Answering questions at a women's conference in Silicon Valley earlier this week, Hillary Clinton told Re/code's Kara Swisher that if she ran for president, she wanted to "bring people from right, left, red, blue, [and] get them into a nice, warm, purple space where everybody is talking and where we're actually trying to solve problems." At first glance, it's just a twist on a standard throwaway line from an all-but-declared candidate. Few politicians are really against bipartisanship, and everyone wants to solve problems.

Yet it's a striking message coming from Hillary Clinton, and not just because she has spent much of the last 25 years as one of the most polarizing figures in American public life. Transcending "right, left, red, blue" and creating "warm purple spaces" is the kind of talk that formed Barack Obama's political identity. And when he was offering that platform to voters in 2008, Clinton was the one rolling her eyes. He was the uniter in that campaign, and she was the fighter. “Now, I could stand up here and say, ‘Let’s just get everybody together. Let’s get unified,'" she began a particularly memorable riff in Rhode Island in February of that year, at a time when her chances to win the Democratic nomination were deteriorating. There was no doubt she was mocking Obama's message of hope-and-change, and she continued:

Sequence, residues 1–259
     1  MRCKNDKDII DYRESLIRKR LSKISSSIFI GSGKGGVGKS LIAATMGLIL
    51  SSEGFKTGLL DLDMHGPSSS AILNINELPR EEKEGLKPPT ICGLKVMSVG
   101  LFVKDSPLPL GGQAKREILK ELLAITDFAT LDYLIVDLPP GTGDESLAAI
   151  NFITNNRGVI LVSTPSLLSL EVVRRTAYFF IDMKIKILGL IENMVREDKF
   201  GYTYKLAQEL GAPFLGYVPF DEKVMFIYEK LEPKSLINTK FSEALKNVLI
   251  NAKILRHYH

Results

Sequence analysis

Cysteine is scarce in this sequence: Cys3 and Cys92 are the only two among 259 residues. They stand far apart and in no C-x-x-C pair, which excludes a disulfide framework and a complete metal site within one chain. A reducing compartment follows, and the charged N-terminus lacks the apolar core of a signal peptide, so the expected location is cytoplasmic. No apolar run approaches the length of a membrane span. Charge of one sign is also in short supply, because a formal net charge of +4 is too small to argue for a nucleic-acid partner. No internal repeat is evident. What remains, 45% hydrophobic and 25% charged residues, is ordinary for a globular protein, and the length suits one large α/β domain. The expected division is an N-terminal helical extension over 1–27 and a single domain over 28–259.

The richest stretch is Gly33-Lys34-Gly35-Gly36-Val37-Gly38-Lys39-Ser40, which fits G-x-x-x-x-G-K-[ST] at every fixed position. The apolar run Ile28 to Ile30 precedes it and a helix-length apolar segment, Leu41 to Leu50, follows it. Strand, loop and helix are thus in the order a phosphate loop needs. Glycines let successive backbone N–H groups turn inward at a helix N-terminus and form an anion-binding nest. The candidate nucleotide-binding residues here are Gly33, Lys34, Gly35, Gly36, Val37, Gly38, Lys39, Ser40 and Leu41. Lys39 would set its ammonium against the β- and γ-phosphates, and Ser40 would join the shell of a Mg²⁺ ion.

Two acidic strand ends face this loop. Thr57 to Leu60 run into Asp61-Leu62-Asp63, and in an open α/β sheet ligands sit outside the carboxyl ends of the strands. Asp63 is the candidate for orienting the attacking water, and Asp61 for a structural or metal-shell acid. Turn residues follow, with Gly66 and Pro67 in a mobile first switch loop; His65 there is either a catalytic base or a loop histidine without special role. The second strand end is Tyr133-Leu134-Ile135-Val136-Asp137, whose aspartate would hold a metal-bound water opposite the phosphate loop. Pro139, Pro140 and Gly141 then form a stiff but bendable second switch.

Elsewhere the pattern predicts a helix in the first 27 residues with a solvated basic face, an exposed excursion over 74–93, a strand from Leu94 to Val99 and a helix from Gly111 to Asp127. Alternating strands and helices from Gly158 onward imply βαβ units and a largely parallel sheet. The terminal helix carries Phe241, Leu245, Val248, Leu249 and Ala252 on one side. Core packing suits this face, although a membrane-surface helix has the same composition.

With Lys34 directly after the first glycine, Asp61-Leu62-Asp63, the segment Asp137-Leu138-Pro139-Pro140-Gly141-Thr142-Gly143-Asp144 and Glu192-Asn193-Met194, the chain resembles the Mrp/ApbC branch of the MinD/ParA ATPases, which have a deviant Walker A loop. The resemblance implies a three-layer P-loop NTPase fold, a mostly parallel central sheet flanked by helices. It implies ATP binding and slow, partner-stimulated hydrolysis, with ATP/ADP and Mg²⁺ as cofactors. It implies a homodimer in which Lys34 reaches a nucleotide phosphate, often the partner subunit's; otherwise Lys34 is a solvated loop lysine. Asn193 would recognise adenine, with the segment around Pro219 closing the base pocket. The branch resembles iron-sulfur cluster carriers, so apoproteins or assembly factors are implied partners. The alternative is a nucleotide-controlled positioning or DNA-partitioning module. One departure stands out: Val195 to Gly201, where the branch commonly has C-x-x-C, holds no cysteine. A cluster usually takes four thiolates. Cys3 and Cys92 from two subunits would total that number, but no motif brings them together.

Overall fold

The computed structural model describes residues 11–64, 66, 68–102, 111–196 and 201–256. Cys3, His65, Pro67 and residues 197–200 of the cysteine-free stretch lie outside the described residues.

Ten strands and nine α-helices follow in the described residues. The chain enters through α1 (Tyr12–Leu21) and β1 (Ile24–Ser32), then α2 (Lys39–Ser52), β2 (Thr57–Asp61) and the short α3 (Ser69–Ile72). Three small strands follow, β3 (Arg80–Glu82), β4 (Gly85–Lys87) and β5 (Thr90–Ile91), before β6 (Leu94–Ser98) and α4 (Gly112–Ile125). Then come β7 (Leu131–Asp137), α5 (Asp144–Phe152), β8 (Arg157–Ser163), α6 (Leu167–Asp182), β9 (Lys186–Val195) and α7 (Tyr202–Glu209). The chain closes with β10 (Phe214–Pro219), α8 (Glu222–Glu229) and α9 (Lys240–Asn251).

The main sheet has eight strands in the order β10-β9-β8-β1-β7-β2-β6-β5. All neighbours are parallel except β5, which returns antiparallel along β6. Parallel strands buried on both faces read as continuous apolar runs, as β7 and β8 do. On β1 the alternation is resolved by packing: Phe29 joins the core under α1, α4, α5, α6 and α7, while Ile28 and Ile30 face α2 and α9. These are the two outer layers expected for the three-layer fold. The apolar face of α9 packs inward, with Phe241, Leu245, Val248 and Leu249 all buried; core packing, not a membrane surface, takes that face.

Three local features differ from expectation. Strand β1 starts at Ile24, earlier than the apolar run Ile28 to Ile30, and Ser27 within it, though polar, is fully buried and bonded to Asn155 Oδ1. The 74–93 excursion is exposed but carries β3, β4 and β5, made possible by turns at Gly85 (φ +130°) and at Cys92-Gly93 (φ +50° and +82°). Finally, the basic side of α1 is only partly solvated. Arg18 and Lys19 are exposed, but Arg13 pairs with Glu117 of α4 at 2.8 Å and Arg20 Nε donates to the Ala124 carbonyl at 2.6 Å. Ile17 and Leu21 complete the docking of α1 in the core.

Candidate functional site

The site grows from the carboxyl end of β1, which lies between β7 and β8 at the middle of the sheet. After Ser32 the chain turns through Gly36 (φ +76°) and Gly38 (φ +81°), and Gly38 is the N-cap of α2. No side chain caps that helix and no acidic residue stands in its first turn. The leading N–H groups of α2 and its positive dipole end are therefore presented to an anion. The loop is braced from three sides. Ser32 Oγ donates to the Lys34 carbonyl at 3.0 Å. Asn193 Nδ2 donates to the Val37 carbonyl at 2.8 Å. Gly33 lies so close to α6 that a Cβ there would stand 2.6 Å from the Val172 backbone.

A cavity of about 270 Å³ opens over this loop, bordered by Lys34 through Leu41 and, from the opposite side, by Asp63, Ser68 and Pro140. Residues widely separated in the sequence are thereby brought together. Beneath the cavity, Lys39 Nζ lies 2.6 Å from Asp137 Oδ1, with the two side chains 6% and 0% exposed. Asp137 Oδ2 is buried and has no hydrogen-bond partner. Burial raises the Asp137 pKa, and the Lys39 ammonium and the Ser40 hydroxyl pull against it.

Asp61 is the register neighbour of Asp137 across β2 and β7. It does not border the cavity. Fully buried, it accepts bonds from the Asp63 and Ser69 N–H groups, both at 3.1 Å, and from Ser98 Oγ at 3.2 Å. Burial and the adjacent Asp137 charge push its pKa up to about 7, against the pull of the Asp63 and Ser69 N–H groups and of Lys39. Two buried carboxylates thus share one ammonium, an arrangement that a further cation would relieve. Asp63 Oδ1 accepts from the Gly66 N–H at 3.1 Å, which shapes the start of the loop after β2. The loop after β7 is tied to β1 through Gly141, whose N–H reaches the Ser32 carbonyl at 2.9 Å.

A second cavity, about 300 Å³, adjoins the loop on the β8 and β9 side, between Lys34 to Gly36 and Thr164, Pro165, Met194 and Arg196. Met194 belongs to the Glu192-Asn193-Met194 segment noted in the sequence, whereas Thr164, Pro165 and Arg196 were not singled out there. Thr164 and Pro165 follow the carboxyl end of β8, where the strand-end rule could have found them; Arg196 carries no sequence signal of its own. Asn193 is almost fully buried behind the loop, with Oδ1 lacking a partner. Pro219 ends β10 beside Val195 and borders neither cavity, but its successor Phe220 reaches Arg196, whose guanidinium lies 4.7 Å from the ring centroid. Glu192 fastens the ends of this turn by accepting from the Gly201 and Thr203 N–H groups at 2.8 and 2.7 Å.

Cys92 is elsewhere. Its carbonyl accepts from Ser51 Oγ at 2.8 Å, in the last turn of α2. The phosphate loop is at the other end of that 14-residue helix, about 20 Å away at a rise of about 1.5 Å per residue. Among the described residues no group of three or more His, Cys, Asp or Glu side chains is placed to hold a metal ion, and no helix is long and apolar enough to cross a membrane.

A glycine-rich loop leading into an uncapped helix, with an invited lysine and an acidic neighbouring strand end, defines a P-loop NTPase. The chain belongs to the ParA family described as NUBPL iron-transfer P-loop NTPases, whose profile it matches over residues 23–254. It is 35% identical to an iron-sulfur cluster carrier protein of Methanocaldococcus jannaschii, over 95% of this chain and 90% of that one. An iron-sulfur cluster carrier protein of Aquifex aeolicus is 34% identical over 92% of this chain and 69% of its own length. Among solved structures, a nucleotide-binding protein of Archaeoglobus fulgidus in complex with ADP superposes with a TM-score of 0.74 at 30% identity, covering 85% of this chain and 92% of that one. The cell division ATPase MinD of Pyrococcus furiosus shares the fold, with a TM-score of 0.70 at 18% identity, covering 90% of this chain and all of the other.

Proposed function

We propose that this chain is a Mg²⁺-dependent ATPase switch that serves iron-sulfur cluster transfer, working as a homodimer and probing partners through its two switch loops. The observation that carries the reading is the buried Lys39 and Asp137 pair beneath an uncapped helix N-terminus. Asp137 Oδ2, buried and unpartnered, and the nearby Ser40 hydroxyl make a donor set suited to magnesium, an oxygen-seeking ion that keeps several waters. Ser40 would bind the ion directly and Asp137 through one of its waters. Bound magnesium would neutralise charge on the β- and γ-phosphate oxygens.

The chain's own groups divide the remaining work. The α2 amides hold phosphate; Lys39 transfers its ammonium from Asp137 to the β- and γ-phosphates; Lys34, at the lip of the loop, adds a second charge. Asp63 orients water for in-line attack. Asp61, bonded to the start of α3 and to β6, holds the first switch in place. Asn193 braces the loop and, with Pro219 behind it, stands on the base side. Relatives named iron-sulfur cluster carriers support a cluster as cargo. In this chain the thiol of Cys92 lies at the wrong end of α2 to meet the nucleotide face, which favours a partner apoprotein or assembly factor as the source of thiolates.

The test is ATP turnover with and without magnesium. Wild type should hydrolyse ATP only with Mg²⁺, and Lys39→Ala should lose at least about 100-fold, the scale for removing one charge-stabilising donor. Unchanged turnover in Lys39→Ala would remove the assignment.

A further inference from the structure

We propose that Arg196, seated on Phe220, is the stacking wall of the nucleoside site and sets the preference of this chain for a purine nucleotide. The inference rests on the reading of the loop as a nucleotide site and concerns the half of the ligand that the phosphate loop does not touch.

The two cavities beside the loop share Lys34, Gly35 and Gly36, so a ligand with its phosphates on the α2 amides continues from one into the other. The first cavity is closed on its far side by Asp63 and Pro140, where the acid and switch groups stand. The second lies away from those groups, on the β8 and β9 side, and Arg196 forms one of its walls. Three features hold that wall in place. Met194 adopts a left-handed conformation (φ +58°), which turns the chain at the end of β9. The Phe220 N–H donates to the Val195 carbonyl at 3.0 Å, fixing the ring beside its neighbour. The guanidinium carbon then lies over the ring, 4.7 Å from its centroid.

"The skies will open, the light will come down, celestial choirs will be singing, and everyone will know we should do the right thing and the world will be perfect. Maybe I’ve just lived a little long, but I have no illusions about how hard this is going to be. You are not going to wave a magic wand to make special interests disappear."